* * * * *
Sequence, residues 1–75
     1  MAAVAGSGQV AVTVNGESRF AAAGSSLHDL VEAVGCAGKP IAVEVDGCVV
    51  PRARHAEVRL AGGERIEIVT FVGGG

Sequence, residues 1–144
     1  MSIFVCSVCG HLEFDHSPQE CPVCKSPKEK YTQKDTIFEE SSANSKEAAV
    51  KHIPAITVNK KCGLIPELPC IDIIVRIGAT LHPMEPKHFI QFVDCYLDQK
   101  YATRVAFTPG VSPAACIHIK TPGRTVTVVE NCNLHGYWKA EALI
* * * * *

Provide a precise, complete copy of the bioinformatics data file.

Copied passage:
Sequence, residues 1–75
     1  MAAVAGSGQV AVTVNGESRF AAAGSSLHDL VEAVGCAGKP IAVEVDGCVV
    51  PRARHAEVRL AGGERIEIVT FVGGG

Sequence, residues 1–144
     1  MSIFVCSVCG HLEFDHSPQE CPVCKSPKEK YTQKDTIFEE SSANSKEAAV
    51  KHIPAITVNK KCGLIPELPC IDIIVRIGAT LHPMEPKHFI QFVDCYLDQK
   101  YATRVAFTPG VSPAACIHIK TPGRTVTVVE NCNLHGYWKA EALI